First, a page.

“If he makes a great demand on his mother, he’ll be demanding of you. If he’s lacking in respect for her, chances are he’ll treat you the same. And if he displays little affection for his family, you can expect he’ll show you little. If he’s dogmatic with his sisters or brothers, refuses to give and take, this may be a danger signal for you. In short, observe his role in his family; you’ll have a pretty accurate gauge of what your own family future will be like.



    “Tony has a sister and some nieces and nephews, and his devotion to them impressed me during our courtship, which was during the war years. While the children’s father was in the service, Tony spent time with them each week. Never once, no matter how busy Tony was. did he disappoint them. If he promised, ‘On Tuesday, we’ll go to the zoo. I’ll pick you up at three,’ he was on the spot on the dot. Now that we’re married and have children of our own, he takes the same special care in planning excursions and treats.

    “It may seem like a little thing, but it’s important for, after all, children gain faith from the little things.

    “To sum up my feelings,” Donna stopped for a moment to collect her thoughts, “I think that if you’ve known your guy for a year or more and you still feel that you like him, respect him, trust and enjoy him, then your enchantment is real. And I’d say your possibilities for living happily ever after, together, are pretty secure.”



     

    Because Terry learned from experience that a whirlwind romance under a tropical tree in moonlit Hawaii can ‘ affect with folly,” she’s in agreement with Donna that it’s wise to take time to make sure it’s love.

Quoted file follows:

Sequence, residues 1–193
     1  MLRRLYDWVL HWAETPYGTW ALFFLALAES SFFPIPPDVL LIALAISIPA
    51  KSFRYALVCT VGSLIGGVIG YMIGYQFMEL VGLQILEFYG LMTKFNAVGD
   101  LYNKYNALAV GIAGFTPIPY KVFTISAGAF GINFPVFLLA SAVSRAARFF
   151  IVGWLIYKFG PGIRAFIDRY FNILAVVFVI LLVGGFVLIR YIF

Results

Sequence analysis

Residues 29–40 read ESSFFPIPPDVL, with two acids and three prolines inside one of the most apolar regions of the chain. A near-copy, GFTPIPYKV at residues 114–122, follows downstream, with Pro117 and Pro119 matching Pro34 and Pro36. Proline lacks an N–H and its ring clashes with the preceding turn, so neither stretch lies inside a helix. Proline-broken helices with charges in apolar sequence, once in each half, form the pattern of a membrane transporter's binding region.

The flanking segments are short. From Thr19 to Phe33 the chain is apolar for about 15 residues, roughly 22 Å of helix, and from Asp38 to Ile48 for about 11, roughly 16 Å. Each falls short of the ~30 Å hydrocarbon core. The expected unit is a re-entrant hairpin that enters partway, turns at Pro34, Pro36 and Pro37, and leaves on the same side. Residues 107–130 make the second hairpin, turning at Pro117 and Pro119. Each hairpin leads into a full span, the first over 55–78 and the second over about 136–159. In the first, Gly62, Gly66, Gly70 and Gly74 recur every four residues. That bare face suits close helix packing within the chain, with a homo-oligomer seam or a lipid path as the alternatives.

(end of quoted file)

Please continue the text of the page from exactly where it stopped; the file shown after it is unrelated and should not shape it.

But Terry does have reservations. “Because,” she explains, “I think when love is real, you don’t feel you have to weigh it.

    “I believe there are many different kinds of love, many different degrees and levels. But the one, great overwhelming love comes only once. Because love is rare, it is so important not to compromise. The trouble is (and it’s trouble we bring on ourselves) we do compromise. We overlook little faults or differences instead of holding out for the real thing. And when you compromise too often, it’s difficult to recognize the real love.



    “The way you can tell you’re compromising, I think, is when you feel you are making a mistake or are nagged by misgivings and doubts. For instance I’ve heard girls say when they were practically at the altar, ‘I think it will work out.’

    Think! If you can say things like this, or even think them, I wouldn’t call it love you feel.

    “Also I think love should be happy. When a girl is unhappy in love, there’s something wrong. How can you be unhappy in love when the entire aim and object of love is to make the loved om happy?

    “ ‘Am I happy or unhappy in love?’ is certainly the loaded question. My answer would be: ‘If you’re unhappy, it’s infatuation; if you’re happy, you can be pretty sure it’s love.’



    “I believe you know when it’s real love just by the way you feel,” Terry said, “within yourself and about yourself.

    “If you don’t look well, if you’re the victim of jealousy, suspicion, doubt of any kind uneasiness and inner disturbance you’re not in love.

    “Some people bring out the good in you some bring out the bad. Love should bring out the good, it should change you for the better. If you find you’re a nicer person because of him, it’s love. But if you feel within yourself that you’re not as interesting or as enthusiastic or as nice as you were before you began dating—what you have isn’t love.



    “Of one thing I’m sure. Love can inspire—it should inspire you to do better things, to work harder, to be a nicer person. When love is real, it gives you a lift an added confidence, it’s constructive. Whereas infatuation saps your energy undermines your health and ambition.

    “I think you can boil it down,” Terry explained, “to one single, but very searching question: ‘How do I feel?’ If the answer is, ‘Happy, good, a better person than I was before,’ then you need question no further. If the answer is, ‘Unhappy, disturbed, a less worthy person,’ then it’s infatuation and never mind asking any more questions either. Just take to your heel and run.”

    Still wondering what’s this thing called love? Let’s leave it at—something pretty wonderful.

    THE END

     

    It is a quote. PHOTOPLAY MAGAZINE JULY 1955